It was artist Traeger di Pietro’s job to make the painting, valued at $15,000. It was Craig Miner’s job to cut it up.
“You can’t believe how hard it was to take a knife to that thing at first,” Mr. Miner said. He had spent more than 18 hours with Mr. di Pietro, watching the 4 by 12 foot painting evolve, and now he had to disassemble it, chopping it into 38 puzzle pieces. He then distributed the pieces to family, friends, and other community members. On Sunday, June 23, at The Field Gallery in West Tisbury, it will be their job to put it back together.
Mr. di Pietro is surprisingly cool about having his artwork dismembered and thrown to the wind, stating simply, “It’s out of my hands now.” It’s all part of the anything-goes attitude surrounding this project, aptly named Whatever the Outcome.
Whatever the Outcome (WTO) sprang from Mr. Miner’s long-term appreciation for what he calls “low-brow art.” He’s crazy about street art, graffiti, spray paint. And magnets. Especially magnets. As a hobby, he creates magnet designs to slap on Vineyard tailgates. He’s also a father and a teacher at the Martha’s Vineyard Public Charter School, and always has art supplies lying around. But he noticed the crafts tended to attract his grown-up friends more than the kids. Adults would consistently pick up the supplies, creating impromptu pieces of art.
“My friends that I never thought of as artists floored me with their creative abilities,” Mr. Miner said. Thus, he was inspired to create an event that would engage the creativity of the community as a whole. And it would involve, of course, magnets.
On a whim, Mr. Miner approached Mr. di Pietro, a well-known Island artist, and described to him a giant magnetic painting that would be cut into pieces and reassembled on a giant magnetic board.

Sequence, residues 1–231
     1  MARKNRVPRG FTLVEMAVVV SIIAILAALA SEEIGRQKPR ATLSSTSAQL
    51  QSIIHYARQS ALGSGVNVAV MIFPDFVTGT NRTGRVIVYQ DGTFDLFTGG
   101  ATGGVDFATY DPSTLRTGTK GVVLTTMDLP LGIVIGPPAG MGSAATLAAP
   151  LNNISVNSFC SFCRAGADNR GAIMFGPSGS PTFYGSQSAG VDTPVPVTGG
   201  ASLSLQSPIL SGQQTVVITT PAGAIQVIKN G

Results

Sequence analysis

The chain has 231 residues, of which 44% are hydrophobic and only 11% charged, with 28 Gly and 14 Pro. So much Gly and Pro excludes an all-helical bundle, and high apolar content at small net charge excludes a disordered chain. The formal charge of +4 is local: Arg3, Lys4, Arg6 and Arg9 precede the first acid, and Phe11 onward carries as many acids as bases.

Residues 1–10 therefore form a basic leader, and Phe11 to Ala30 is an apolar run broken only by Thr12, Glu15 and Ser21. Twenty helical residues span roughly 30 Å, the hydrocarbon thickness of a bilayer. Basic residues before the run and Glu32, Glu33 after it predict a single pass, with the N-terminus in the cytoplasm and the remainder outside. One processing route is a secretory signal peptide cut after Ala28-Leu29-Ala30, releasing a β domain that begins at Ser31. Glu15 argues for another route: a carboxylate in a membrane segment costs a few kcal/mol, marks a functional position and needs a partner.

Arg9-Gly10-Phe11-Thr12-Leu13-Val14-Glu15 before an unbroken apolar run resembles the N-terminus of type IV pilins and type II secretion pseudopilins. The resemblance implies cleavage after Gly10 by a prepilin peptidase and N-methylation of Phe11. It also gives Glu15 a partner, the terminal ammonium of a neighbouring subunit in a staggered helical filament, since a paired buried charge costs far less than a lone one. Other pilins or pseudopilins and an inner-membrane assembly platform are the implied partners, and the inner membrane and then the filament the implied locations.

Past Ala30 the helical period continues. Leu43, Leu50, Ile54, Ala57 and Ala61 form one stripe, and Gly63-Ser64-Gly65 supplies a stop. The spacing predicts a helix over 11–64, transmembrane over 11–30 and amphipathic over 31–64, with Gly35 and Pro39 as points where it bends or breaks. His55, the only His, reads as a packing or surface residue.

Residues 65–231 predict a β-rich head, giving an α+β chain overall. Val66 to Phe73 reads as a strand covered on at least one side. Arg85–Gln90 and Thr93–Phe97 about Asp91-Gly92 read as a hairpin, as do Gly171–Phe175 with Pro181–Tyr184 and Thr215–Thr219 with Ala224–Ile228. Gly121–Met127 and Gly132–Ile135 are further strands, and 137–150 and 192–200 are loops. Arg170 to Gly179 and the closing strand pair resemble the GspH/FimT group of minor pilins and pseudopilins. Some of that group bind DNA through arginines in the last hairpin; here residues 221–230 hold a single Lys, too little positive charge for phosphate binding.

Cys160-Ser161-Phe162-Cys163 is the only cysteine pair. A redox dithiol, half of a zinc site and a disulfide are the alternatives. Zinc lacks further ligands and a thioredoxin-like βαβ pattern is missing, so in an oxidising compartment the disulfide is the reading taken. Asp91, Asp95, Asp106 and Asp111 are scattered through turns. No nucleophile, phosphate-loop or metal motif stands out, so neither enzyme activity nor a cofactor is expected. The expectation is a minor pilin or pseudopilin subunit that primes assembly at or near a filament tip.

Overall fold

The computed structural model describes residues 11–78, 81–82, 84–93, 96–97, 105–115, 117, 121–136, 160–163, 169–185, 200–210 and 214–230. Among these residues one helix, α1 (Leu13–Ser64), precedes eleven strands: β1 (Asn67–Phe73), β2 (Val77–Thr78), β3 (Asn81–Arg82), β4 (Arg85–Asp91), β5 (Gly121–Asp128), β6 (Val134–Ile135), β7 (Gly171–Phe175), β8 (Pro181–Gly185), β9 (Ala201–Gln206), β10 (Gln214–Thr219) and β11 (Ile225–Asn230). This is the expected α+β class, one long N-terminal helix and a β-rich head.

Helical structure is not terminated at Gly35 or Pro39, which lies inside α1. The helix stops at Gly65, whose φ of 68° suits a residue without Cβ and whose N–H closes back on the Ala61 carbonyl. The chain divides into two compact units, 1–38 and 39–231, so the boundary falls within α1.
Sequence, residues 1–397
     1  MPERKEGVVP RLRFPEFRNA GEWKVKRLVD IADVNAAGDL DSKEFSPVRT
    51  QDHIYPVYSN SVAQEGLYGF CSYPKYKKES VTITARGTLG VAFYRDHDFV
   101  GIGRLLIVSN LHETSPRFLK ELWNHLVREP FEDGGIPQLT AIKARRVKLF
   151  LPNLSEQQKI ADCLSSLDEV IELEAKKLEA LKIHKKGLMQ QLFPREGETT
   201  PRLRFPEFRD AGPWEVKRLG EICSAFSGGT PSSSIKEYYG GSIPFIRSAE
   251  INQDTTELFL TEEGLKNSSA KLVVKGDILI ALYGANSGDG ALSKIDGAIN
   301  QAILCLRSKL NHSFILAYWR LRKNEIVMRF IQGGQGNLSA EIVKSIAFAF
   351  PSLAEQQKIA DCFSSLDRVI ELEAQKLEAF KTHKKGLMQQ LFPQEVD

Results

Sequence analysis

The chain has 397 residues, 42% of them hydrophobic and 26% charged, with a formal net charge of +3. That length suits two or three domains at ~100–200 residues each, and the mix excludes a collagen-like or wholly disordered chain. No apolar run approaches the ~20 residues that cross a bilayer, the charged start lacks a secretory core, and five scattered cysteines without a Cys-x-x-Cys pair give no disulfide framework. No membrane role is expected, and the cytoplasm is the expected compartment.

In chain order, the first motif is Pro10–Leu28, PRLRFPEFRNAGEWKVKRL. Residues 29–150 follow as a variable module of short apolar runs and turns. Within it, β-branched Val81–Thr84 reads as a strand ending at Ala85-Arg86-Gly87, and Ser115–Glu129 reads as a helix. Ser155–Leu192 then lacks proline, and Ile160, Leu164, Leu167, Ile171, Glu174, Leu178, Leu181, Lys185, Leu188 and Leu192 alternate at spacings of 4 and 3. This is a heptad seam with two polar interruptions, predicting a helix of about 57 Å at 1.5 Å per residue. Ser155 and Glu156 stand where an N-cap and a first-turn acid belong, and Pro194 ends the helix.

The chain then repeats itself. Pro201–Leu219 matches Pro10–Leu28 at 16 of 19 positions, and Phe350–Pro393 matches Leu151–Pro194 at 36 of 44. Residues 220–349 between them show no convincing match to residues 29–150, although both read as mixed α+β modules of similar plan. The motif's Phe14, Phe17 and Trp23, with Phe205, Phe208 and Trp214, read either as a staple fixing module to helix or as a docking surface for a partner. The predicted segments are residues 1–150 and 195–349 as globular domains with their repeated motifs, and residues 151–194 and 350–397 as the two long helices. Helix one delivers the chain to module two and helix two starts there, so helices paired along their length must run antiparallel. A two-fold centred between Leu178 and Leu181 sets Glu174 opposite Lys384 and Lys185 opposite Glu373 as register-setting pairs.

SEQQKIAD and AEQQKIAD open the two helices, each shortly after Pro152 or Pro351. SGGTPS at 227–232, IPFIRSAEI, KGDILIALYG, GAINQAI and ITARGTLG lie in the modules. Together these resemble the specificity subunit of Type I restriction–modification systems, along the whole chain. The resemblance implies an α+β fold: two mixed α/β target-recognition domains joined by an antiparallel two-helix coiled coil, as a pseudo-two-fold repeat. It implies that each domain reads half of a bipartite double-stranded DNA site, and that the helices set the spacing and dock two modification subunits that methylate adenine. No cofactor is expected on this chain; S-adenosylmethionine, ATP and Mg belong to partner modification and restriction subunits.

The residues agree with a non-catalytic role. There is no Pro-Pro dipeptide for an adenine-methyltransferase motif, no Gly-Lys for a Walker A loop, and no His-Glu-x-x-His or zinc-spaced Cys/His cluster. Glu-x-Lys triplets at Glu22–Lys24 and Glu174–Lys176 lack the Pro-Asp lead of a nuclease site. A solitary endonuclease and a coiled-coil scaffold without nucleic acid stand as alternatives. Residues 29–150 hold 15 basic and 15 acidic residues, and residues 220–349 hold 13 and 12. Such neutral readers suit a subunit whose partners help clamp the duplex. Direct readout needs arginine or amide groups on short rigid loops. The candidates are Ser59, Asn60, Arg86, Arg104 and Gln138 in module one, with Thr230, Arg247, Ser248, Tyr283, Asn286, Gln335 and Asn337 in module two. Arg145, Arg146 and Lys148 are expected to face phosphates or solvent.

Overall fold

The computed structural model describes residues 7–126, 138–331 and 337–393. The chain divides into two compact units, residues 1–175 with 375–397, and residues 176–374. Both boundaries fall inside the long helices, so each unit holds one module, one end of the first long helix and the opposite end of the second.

Mr. di Pietro latched onto the idea with enthusiasm, promising Mr. Miner, “If I’m going to do this thing, I’m going to do it right.”
Within a few weeks, he had begun painting on a 48-square-foot sheet of magnet, working from an image he first envisioned in a spot of spilled oil. “I love the concept [of WTO]. I’m flattered and excited that Craig asked me to do the painting,” he said. “I like making art and having it be a part of the community and send a message.”
In this case, the message is community. The idea is to be all-inclusive, so “people who wouldn’t consider themselves artists can participate without picking up a brush or pencil,” Mr. di Pietro said. This accessibility has allowed Mr. Miner to reach out and involve an array of community members, from his seven-year-old nephew to the Black Dog employee that makes his coffee. Both have received puzzle pieces.
In turn, the community has been extremely receptive to Mr. Miner’s brain child. His friends have begun congregating in their free time to create flyers for WTO. Some have become patrons — donating paints and other materials for the project. One generous person even offered his basement as a workspace where Mr. Miner could construct the magnetic wall on which the painting will be reassembled.
“I’ve called in every favor, I’ve gotten everyone I can involved,” Mr. Miner said. “And my friends have been incredibly supportive.”
Mr. Miner has also won the support of The Field Gallery, which represents Mr. di Pietro. When Mr. di Pietro approached them with the proposition, they instantly agreed to host the reception and display the finished product, whatever the finished product might be.
As of now, only Mr. di Pietro, Mr. Miner, and a trusted few have seen the complete original image. The rest have only seen puzzle pieces. “I tried to make it so someone could get a piece and not know what the final painting would be,” the artist said of his design. And until each puzzle piece is returned, it will remain a mystery.
“It may never be seen in full,” he continued. “It would be a shame if all the pieces weren’t brought back, but things get in the way…it might turn out not all connected, but that’s the way life works.” Even so, he remarks, “What Craig has done here is created a concept that you can’t fail. Even the worst-case scenario is the best-case scenario.”
In Mr. Miner’s words, “You can’t do something wrong that has never been done before.”
The decision to embrace Whatever the Outcome, whatever the outcome, is part of its appeal. “With this project, it’s everything but the painting that intrigues me,” Mr. di Pietro said. For both him and Mr. Miner, the fun has been in the journey, in anxiously waiting to see how their labor of love comes together. Mr. Miner agrees that the project is a shot in the dark, but overall, it’s an experiment in art and in community that he hopes will grow.
Whatever the Outcome Reception, Sunday, June 23, 5–7 pm, The Field Gallery, West Tisbury. Reassembly of the painting begins at 6 pm. DJ, live music, refreshments, art supplies to create own mural. Free. For more information, visit whatevertheoutcome.com or contact Craig Miner at 774-563-0128.